Shaggy Maine (Coprinus comatus) by Captain Quinn

The Shaggy Maine is just one of the many truly delicious treats one can find while roaming around in B.C.'s great outdoors.  Try frying with some butter onions and garlic. Identifying this mushroom can be fairly easy especially if you wait for it to turn into a puddle of ink, but by this point it is too late to consider for the dinner menu. As with all wild edibles we recommend buying yourself a field guide to mushrooms before attempting to tap into this wild source of nutrition.

Transient

Identifying features

A whitish cap with off-white to brownish shaggy scales, cone shaped cap that turns into a black tar like substance as the mushroom ages.  The long stem is the only thing left standing as this mushroom melts into a puddle of ink with age.  If you are going to eat it, you must get at it before this occurs.

Transient

-Cap is anywhere from 3-5cm wide and 4-15cm. tall.

-Gills are free and very crowded.

-Stalk is 6-20cm long and 1-2cm thick, white in color, bulbous in shape and hollow.

-This mushroom has a partial veil and when the cap begins to open it leaves a ring at the base of the stem.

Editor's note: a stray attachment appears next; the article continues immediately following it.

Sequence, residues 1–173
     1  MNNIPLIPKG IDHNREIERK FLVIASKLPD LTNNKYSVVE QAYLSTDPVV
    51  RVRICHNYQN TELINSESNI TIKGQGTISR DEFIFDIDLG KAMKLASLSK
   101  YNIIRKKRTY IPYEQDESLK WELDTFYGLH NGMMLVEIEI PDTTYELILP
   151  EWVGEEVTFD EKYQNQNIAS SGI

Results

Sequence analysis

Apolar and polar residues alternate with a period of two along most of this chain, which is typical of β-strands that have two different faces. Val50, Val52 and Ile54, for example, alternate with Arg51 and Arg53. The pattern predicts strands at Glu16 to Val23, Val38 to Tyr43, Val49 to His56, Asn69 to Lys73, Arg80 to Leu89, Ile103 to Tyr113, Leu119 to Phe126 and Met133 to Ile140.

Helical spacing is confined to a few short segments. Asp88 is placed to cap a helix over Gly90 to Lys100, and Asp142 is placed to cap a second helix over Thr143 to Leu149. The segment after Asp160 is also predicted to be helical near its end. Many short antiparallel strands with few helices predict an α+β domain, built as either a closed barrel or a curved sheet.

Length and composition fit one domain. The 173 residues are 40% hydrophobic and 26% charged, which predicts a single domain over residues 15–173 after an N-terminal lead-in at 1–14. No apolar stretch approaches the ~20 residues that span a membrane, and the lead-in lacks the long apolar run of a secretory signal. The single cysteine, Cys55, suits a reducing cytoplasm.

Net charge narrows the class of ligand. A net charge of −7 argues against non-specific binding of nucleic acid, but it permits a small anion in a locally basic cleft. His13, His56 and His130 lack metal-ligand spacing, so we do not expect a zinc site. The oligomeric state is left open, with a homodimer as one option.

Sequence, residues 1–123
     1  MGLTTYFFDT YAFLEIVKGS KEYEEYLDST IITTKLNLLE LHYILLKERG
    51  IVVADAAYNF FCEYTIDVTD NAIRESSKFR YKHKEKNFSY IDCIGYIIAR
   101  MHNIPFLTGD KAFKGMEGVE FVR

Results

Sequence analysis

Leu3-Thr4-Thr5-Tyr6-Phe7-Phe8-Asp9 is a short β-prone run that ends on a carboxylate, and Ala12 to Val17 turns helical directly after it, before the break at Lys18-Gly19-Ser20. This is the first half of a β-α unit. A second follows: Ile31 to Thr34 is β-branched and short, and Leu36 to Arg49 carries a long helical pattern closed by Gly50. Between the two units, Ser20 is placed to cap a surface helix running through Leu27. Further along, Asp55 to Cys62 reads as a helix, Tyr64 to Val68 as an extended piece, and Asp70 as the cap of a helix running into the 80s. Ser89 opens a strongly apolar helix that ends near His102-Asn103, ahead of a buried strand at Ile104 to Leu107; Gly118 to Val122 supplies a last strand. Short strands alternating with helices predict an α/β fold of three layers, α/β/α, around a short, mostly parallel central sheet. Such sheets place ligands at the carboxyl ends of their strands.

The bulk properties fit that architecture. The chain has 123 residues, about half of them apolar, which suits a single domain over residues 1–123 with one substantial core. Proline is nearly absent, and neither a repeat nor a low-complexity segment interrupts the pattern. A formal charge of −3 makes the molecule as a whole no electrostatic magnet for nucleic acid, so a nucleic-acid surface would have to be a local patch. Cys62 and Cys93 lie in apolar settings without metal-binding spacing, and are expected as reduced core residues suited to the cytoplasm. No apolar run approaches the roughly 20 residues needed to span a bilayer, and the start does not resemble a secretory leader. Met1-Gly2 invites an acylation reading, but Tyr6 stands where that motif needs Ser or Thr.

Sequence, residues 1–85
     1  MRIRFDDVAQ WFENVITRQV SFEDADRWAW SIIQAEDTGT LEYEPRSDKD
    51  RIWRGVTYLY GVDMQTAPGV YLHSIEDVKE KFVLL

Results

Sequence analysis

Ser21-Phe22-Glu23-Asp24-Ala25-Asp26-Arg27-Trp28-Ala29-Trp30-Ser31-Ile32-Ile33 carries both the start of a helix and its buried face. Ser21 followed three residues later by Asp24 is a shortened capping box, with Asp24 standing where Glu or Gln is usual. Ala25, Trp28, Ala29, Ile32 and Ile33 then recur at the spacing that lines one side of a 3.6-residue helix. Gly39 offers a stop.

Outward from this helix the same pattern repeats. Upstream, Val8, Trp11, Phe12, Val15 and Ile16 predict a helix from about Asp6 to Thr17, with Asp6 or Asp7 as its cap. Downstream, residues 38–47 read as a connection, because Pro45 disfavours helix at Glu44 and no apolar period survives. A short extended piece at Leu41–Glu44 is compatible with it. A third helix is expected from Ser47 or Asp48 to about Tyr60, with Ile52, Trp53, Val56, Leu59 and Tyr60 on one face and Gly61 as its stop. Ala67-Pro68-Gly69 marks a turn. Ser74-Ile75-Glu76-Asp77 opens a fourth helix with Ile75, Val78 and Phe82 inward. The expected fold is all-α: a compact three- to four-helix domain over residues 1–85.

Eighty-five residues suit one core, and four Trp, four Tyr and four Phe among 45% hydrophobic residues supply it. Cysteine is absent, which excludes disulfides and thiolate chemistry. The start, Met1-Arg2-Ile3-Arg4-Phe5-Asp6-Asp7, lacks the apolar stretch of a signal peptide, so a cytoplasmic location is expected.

-The spore print for this mushroom is black.

This mushroom tastes delicious and can be found scattered to clustered in grass, wood chips, and dense soil from May to June, September to October, and again from November to January in Southeastern regions of North America.  I have seen this mushroom exploding through pavement on the side of the road while strolling along to go fishing in the Haida Gwaii.

Some Shaggy Mane Recipes

Shaggy Mane Berbere

Shaggy Mane Casserole

captain quinn

Promoting the outdoors to save the outdoors through outdoor entertainment. I hope to get people outside doing fun things so they can develop a healthy relationship with the environment.